Africa burns my eyes and sets my nerves on edge.
He tells me this is a country in which everything is out to hurt you, white man — the insects, the water, the Nigerian road marauders.
Nigerian road marauders? I ask the lodge owner.
Yes, they are out there in the night, he says solemnly.
Indeed, but not even Jesus can save you from them, he says.
With that the lodge owner stands and takes his leave.
Sammy smiles wide and tells me not to worry.
He tells me he was a prophet once, that he wanted to become one so he did. He was young. There were churches. He attended a church, a church welcome to would-be prophets.
These are things sometimes said in Ghana, it seems.
I ask if he’s still a prophet and he says no, only once, long ago was he a prophet. No longer.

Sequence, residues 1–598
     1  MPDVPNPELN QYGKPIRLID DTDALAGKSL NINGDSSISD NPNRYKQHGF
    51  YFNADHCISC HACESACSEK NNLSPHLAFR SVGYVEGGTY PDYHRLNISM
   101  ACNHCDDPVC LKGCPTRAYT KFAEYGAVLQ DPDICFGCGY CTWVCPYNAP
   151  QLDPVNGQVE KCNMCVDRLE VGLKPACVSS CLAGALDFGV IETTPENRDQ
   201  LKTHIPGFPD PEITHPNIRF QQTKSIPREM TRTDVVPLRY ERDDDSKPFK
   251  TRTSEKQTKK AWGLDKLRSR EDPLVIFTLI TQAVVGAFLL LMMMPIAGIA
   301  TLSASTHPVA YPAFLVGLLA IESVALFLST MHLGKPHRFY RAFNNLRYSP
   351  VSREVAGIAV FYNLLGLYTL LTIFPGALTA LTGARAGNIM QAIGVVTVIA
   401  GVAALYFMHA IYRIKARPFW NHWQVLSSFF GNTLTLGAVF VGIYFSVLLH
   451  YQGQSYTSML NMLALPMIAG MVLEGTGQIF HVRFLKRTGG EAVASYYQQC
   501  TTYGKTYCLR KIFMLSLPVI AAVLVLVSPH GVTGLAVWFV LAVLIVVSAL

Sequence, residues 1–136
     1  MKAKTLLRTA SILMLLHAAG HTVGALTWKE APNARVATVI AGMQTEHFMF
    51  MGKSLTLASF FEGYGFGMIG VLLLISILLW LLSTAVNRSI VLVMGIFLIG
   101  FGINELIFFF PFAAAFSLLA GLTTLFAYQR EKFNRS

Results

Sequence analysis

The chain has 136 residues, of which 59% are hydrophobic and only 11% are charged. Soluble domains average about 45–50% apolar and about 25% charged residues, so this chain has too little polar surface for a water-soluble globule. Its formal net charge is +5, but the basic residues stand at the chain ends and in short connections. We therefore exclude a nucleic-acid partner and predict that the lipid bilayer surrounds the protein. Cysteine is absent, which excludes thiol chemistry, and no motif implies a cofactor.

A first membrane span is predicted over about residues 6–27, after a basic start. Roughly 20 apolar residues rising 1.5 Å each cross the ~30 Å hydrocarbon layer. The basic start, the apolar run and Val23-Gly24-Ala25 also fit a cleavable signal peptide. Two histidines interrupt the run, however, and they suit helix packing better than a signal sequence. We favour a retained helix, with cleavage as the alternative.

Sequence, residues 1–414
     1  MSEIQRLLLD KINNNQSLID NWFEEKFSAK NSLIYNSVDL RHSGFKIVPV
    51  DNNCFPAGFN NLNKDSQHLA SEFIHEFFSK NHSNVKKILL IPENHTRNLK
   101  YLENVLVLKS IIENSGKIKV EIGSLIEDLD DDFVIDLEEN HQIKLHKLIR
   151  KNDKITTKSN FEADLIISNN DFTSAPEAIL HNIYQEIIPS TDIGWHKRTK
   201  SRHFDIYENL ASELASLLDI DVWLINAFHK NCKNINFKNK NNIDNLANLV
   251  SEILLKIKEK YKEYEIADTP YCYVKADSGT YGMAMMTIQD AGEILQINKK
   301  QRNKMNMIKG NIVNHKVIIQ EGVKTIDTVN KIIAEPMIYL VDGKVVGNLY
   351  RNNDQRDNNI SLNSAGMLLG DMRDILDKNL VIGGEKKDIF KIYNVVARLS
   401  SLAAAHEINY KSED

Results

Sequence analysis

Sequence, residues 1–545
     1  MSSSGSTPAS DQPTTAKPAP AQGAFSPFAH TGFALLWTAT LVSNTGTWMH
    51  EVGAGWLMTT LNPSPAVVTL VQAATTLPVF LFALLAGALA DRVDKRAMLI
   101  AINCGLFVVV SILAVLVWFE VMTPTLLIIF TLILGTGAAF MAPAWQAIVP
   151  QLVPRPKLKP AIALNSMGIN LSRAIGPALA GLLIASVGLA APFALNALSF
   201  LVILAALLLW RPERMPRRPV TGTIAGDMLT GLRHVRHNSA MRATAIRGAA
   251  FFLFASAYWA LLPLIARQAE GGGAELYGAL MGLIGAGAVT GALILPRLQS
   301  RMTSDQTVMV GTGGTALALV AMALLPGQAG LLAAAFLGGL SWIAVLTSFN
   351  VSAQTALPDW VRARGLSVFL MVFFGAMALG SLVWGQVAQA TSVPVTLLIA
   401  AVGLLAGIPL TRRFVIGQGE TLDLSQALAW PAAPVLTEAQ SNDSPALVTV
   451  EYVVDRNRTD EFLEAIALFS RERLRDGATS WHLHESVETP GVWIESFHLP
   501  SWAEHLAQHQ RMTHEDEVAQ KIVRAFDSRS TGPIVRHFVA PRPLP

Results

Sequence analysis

So you don’t really know if we shouldn’t worry then, do you?
No, but I’ve gained wisdom in these few short years and that’s proven more valuable and reliable than being a prophet. I know we’ll be safe.
Once again he smiles wide, looking back down at his phone. I close my eyes and listen to the nearby tree frogs and wonder who among them is wise, or if their croaks portend calamity, or how many prophets live beneath them in their jungle.